As pretty much all of our regular readers will already know, the Ilya Kovalchuk contract situation has (mercifully) come to an end. Ilya Kovalchuk is officially a Devil, and will be for a long time to come. But along with Kovalchuk's new contract came a few new rules that I'd like to lay out, so that there's an easy place to come back to find them when they're needed in the future. After the jump, I'll take a look at those new rules, and talk about why I think Lou Lamoriello knew what was coming before he submitted the second Kovalchuk deal to the league.
The regulations will be added as a supplement to the Collective Bargaining Agreement and apply to all contracts signed from today.
The agreement includes two major regulations that go into effect immediately and will be a part of the Collective Bargaining Agreement until its expiration on Sept. 15, 2012. If there is no CBA at the start of the 2012-13 NHL season, the rules will be grandfathered until a new CBA is negotiated:
1. While players and clubs can continue to negotiate long-term contracts (five years or longer) that include contract years in a player's 40s, for purposes of salary-cap calculation the contract will effectively be cut off in the year of the contract in which the player turns 41.
2. In any long-term contract that averages more than $5.75 million for the three highest-compensation seasons, the cap charge will be a minimum of $1 million for every season in which the player is 36-39 years of age. That $1 million value will then be used to determine the salary cap hit for the entire contract. If the contract takes the player into his 40s, the previous rule goes into effect.
So that's pretty simple. Anything that was signed prior to the Kovalchuk contract is grandfathered, and these new rules don't apply. Any contracts signed after the Kovalchuk deal will be governed by these new rules. The new rules only govern long-term deals, and only deals that pay out a substantial amount of salary in at least three seasons, so grunts signing longer-term deals won't be getting squeezed. The rules themselves will be in force for as long as the current CBA is in use.
One important issue to deal with here is the definition of "age". In the CBA, the League Year begins on June 30th, but the language above talks about "the player turn[ing] 41" during the year. So, when I use "age" in the table below, I mean the player's age as of June 30th +1. So a player who turns 35 on April 10th 2011 would be considered 35 for the 2010-11 season in the table below. Now, let's look at all of the contracts currently signed that would have been impacted by these new rules. If you feel the new rules should be interpreted differently, please let me know. Once again, the new rules don't actually apply to these deals, but if they did, this is how things would change (in the chart, the three columns are "salary", "the cap number under the old rules", and "the cap number under the new rules"):
The first thing I notice is that there are only five contracts in the entire league that would have been impacted by these new rules. Vincent Lecavalier? He's good. Duncan Keith? No problem. Henrik Zetterberg and Johan Franzen? They're just fine. Now, to me, that means that these new rules don't stop teams from circumventing the spirit of the salary cap - they just make it so that teams can't be ridiculous, and the league isn't embarrassed in the future by a contract that takes a player to fifty. These new limits are very reasonable, but they really won't change much of what's been going on; these long-term deals are far from a thing of the past.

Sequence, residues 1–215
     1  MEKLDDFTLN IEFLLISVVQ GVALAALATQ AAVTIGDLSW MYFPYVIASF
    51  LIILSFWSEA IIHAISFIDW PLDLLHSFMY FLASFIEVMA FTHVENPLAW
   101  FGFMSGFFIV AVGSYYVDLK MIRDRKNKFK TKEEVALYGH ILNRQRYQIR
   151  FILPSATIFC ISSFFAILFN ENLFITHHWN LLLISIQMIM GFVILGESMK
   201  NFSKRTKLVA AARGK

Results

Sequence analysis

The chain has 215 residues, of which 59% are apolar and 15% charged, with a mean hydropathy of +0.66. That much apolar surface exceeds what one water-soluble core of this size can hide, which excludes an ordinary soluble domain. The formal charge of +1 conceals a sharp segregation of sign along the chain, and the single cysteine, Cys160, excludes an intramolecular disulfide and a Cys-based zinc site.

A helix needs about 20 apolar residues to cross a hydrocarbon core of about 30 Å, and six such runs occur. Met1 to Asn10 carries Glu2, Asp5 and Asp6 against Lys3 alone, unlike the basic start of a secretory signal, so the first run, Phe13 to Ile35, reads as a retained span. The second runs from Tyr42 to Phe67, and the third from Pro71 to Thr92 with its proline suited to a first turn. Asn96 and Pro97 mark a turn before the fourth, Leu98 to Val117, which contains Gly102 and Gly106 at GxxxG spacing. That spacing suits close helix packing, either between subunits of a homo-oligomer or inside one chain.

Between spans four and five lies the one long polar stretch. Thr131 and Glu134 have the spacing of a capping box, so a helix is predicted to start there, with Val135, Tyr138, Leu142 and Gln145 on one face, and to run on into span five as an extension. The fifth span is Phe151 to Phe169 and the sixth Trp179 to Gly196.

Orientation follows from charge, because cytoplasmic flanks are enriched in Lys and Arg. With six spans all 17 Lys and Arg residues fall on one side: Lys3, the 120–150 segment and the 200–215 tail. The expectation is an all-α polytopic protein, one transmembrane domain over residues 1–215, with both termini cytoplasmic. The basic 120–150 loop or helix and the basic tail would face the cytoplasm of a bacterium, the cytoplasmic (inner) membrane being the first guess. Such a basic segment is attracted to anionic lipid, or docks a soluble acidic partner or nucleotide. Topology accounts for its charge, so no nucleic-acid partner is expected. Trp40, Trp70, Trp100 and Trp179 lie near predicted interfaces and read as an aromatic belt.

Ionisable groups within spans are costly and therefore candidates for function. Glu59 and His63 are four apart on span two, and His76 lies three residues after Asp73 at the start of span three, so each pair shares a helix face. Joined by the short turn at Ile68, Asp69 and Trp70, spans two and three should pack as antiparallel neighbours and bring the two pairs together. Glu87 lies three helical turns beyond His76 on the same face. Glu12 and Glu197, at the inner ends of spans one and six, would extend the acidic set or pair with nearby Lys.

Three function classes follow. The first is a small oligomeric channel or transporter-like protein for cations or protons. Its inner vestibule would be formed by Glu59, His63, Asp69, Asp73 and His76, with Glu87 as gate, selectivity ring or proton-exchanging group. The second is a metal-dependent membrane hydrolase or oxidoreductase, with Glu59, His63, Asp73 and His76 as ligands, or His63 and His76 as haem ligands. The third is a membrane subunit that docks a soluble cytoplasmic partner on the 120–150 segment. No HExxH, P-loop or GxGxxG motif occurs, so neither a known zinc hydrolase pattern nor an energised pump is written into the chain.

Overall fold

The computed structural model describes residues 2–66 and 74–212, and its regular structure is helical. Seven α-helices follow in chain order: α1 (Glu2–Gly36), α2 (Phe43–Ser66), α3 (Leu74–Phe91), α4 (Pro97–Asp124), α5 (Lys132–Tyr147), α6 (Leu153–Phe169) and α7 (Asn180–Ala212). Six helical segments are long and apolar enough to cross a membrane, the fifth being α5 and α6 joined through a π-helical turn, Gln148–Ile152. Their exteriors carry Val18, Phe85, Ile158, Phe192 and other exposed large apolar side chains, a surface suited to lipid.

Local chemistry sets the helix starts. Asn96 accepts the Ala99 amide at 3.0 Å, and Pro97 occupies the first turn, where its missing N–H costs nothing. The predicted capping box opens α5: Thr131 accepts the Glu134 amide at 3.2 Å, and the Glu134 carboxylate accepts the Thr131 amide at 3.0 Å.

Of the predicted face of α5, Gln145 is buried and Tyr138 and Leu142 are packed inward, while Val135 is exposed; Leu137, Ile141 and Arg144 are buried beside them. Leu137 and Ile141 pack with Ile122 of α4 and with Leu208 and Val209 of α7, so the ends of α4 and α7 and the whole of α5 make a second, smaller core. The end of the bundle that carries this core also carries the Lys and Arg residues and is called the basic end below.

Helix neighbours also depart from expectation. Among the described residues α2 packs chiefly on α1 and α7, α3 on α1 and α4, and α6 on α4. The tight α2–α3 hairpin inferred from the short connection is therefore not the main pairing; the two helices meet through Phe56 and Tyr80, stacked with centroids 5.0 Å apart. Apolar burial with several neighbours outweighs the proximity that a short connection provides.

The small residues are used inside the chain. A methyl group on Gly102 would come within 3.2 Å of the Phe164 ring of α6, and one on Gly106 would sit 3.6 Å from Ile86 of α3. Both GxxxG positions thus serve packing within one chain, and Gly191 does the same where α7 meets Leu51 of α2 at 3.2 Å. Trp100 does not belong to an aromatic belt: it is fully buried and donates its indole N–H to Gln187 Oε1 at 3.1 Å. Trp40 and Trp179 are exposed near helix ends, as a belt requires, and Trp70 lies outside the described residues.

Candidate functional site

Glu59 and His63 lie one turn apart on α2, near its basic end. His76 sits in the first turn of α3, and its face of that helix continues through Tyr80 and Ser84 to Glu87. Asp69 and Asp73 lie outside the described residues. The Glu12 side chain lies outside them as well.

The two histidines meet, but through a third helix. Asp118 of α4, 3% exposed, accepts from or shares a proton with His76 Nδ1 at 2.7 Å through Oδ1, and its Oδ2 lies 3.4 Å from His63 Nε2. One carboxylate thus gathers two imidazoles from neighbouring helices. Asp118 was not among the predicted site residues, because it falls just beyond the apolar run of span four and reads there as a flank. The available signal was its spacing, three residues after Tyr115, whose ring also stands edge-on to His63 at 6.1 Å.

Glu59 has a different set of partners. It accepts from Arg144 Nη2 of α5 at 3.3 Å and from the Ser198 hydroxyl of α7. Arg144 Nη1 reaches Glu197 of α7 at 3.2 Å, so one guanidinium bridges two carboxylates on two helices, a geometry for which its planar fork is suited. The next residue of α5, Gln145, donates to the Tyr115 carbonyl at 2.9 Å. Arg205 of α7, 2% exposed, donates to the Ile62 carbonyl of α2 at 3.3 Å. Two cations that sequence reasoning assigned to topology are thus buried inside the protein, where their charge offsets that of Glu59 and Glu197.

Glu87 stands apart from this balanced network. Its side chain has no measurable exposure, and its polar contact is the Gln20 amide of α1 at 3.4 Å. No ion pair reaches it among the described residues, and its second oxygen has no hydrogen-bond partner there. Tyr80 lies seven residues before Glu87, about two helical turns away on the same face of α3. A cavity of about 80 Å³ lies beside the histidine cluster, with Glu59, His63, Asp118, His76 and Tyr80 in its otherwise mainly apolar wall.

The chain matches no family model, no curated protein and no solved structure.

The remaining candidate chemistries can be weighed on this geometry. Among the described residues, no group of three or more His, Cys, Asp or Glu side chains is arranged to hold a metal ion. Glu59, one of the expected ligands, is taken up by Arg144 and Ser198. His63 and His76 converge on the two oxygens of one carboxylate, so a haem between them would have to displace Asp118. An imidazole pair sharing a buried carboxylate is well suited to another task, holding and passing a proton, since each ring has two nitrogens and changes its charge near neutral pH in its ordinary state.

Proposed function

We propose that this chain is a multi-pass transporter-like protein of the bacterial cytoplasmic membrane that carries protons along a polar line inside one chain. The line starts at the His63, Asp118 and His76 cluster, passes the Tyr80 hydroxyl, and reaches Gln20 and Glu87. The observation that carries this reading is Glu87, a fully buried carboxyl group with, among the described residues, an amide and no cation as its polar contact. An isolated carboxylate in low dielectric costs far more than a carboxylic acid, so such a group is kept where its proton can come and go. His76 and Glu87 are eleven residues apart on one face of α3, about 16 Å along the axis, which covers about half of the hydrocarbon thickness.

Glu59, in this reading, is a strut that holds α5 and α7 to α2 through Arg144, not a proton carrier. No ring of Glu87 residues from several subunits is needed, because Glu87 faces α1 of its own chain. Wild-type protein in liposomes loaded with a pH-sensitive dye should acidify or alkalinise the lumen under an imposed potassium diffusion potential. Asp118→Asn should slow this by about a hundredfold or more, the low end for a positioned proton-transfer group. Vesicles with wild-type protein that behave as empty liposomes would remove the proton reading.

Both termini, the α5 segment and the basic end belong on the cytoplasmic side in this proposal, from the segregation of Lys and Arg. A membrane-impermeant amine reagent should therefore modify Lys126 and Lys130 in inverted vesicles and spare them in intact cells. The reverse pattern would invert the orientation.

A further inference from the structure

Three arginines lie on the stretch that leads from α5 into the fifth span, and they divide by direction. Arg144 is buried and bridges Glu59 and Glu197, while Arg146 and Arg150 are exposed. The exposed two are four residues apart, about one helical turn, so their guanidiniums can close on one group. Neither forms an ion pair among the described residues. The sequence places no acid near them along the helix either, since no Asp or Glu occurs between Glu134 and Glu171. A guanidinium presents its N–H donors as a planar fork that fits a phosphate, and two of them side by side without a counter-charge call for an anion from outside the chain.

Still, it's too bad the league didn't make the new rules apply to these deals too. Watching Canucks' fans see Luongo's cap number suddenly balloon almost $1.4M would have been hilarious. But I suppose it's not really fair to the teams to apply the rules retroactively, and not fair to the players to void their deals. Besides, it's not really in the league's interests to do damage to big-market teams like the Flyers, Devils, Canucks, and Blackhawks (the impact on the Bruins is negligible, though they are the only team who would have been impacted by the second new rule).
But it seems to me that Lou Lamoriello saw these new rules coming, and constructed Kovalchuk's contract as though they'd apply to him. How else can we explain the structure at the back end of this deal? The tail on most contracts declines every year, never rising, but this deal drops to $1M for three years before jumping to $3M and $4M in the last two! Whereas we might have expected a tail that went 4,4,3,1,1,1 we instead see a tail that goes 4,1,1,1,4,3. Why is that?
To game the (new) system of course! If Kovalchuk's contract was to be under the new rules, each season from 36-39 would have counted for at least $1M against the cap. By some coincidence, that's the exact figure at the bottom of Kovalchuk's deal in those years. Further, under the new rules, the last two years of Kovalchuk's contract wouldn't have counted in the averaging of his overall cap number for the first thirteen seasons. Instead, whatever salary he's paid in the year he turns 41 counts as his cap number for that season, and the same is true for the year he turns 42. Lo and behold, Lou brought the "circumvention years" forward a couple of seasons, and Kovalchuk is promised a bit more on the tail end of the deal, when he can be safely stowed in the minors or Russia if he's not playing well, but doesn't want to retire. Good old Lou always seems one step ahead, doesn't he? In this case, he's gamed a system that didn't apply to him a week before it had even become official!